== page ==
QNAP has once again warned consumers and organizations using their network-attached storage (NAS) solution of a recently detected Deadbolt ransomware campaign. 

According to victim reports, the campaign appears to target QNAP NAS devices running outdated versions of QTS 4.x. According to Scott Bledsoe, CEO at Theon Technology, any NAS device is a big target for ransomware since it is used to store a significant amount of business critical data.

"Given the large number of QNAP NAS devices that are currently deployed, the Deadbolt ransomware can be used to target a wide variety of organizations for profit by the attackers," Bledsoe says. "To protect against ransomware or to prevent the leakage of sensitive data, all organizations should invest in encrypting their sensitive data at rest, and preferably with unique encryption keys per file or object. With granular encryption of data at rest, the compromise of a single encryption key will only result in a single item of information from being disclosed, and will prevent large-scale disclosure of sensitive information."

To secure NAS devices, QNAP recommends that users update QTS or QuTS hero to the latest version immediately, QNAP said in a security advisory. If the NAS device has already been compromised, QNAP asks users to take the screenshot of the ransom note to keep the bitcoin address, then upgrade to the latest firmware version, and the built-in Malware Remover application will automatically quarantine the ransom note which hijacks the login page.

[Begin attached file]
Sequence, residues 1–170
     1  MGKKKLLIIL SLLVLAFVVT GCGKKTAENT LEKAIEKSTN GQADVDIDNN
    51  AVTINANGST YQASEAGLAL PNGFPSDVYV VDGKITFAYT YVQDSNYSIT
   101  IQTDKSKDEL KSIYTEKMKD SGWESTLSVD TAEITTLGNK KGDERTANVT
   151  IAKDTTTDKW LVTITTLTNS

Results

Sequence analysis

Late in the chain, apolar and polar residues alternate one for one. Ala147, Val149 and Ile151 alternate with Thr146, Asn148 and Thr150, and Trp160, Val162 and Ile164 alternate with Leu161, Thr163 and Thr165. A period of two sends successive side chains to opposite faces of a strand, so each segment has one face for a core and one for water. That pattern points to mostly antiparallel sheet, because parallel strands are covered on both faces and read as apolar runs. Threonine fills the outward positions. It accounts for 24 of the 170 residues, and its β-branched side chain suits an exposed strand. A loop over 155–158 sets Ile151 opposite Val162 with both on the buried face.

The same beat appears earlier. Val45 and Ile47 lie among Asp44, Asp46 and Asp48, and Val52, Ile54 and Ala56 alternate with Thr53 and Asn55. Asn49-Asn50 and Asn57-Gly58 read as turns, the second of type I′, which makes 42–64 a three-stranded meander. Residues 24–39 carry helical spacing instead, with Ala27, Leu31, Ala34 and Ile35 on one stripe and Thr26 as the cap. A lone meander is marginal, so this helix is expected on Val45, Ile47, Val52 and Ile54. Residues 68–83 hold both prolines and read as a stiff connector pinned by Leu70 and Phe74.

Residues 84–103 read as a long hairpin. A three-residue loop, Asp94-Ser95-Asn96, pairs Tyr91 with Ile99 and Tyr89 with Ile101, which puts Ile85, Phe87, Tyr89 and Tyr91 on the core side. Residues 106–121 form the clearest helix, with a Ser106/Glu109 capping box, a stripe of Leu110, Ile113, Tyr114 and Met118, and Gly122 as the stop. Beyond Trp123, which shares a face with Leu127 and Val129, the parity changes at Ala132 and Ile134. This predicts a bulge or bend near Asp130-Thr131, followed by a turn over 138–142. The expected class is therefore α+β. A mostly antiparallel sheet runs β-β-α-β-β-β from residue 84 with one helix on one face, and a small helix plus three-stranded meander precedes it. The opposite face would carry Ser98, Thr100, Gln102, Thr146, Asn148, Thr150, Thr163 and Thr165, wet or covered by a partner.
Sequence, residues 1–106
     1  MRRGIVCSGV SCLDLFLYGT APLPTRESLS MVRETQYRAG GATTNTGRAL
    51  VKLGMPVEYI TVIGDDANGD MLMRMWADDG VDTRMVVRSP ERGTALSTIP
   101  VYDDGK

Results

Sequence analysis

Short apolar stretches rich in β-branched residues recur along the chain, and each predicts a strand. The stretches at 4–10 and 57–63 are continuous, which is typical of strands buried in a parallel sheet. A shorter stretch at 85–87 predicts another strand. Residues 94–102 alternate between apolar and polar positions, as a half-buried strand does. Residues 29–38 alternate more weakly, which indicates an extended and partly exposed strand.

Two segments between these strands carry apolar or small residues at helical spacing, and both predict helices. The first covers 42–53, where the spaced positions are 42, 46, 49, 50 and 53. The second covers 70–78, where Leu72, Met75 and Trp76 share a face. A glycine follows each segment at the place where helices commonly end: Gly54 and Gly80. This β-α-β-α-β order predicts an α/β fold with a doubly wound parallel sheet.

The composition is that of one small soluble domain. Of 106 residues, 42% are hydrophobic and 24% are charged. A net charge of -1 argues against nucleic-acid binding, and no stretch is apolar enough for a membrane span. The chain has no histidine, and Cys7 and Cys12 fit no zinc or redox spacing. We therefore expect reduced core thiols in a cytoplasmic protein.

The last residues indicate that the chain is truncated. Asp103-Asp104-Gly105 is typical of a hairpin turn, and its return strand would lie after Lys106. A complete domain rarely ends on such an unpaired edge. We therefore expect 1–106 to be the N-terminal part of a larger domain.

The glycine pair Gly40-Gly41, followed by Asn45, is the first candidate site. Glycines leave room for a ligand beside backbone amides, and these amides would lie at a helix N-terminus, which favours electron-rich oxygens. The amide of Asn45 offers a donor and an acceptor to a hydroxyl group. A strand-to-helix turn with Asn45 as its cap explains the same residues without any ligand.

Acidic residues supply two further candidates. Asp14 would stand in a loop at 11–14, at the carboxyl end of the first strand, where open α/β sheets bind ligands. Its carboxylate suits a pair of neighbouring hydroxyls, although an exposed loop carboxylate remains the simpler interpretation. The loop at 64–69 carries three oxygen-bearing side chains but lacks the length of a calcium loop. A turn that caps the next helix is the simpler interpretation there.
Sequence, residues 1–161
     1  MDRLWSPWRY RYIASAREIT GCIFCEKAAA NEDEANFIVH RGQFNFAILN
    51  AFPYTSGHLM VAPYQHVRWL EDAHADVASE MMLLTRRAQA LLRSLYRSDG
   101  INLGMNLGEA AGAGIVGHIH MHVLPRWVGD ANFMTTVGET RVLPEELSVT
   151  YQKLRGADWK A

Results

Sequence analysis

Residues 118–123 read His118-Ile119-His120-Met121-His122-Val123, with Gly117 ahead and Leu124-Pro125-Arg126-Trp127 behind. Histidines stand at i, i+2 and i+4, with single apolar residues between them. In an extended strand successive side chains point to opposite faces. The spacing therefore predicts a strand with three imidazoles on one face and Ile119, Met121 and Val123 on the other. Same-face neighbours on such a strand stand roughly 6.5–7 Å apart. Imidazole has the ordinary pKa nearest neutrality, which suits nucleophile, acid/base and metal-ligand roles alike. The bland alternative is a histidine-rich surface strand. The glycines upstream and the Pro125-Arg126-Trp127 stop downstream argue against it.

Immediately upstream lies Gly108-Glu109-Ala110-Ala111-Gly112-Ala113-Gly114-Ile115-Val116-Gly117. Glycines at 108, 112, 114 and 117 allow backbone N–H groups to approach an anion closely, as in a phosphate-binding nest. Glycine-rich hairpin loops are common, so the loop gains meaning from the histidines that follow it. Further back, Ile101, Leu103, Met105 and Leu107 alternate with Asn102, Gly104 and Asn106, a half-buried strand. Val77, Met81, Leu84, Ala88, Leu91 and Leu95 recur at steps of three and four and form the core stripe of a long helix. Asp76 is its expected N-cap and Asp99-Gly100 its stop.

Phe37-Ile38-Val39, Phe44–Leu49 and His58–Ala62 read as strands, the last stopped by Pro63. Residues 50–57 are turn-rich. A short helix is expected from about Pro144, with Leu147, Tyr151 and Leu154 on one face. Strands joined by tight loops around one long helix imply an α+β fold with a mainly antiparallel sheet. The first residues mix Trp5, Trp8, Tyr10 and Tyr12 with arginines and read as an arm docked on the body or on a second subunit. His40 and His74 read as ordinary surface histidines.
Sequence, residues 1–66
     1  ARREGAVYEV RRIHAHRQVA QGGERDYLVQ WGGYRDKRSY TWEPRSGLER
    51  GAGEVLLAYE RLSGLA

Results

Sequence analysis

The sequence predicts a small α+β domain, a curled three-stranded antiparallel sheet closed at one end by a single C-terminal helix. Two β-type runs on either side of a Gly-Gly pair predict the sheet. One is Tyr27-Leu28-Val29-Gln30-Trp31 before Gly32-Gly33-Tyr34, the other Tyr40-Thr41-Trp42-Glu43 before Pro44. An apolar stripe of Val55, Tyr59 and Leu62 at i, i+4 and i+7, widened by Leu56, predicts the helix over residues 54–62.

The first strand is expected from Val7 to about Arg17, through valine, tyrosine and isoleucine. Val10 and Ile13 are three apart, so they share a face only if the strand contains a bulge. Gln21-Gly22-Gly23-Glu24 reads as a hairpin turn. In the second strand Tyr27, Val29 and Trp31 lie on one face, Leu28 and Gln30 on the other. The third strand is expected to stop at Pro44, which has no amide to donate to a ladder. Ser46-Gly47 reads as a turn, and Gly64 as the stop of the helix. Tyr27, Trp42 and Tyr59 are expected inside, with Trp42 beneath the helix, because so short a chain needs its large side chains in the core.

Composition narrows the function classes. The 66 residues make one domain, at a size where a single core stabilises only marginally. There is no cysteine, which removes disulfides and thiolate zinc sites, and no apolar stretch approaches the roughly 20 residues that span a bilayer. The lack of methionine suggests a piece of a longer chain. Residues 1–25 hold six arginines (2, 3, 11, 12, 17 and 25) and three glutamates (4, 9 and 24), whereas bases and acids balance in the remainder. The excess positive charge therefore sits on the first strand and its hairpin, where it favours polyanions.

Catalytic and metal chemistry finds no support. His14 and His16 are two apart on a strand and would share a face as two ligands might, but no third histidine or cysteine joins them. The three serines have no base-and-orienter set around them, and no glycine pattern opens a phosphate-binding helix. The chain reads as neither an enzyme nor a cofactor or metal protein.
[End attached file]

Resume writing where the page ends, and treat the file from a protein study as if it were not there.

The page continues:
Last month, QNAP also urged users to update their NAS devices to avoid exposure to Deadbolt ransomware. 

Ryan McCurdy, Vice President of Marketing at Bolster, Inc., says, "The latest attacks on QNAP devices highlight an ongoing patching problem — many exposed instances clearly remain. A low-cost, high-payoff strategy will always be attractive to an array of attackers. It comes as no surprise as phishing attacks eclipse over 1,000,000 attacks in Q1 2022 — the most ever recorded per the APWG. According to Verizon's 2022 DBIR report, 80% of the breaches were attributed to stolen credentials; a direct example being DeadBolt ransomware."

McCurdy says, "Today, every piece of fraud has a digital component making people-based or legacy approaches nearly impossible to scale with the massive volume of data on the web. Throwing bodies and pointing solutions to this problem no longer works. In order to scale, it's critical that companies take a platform approach and leverage automation to detect, analyze, and take down fraudulent sites and content across the web, social media, app stores, marketplaces, and the dark web."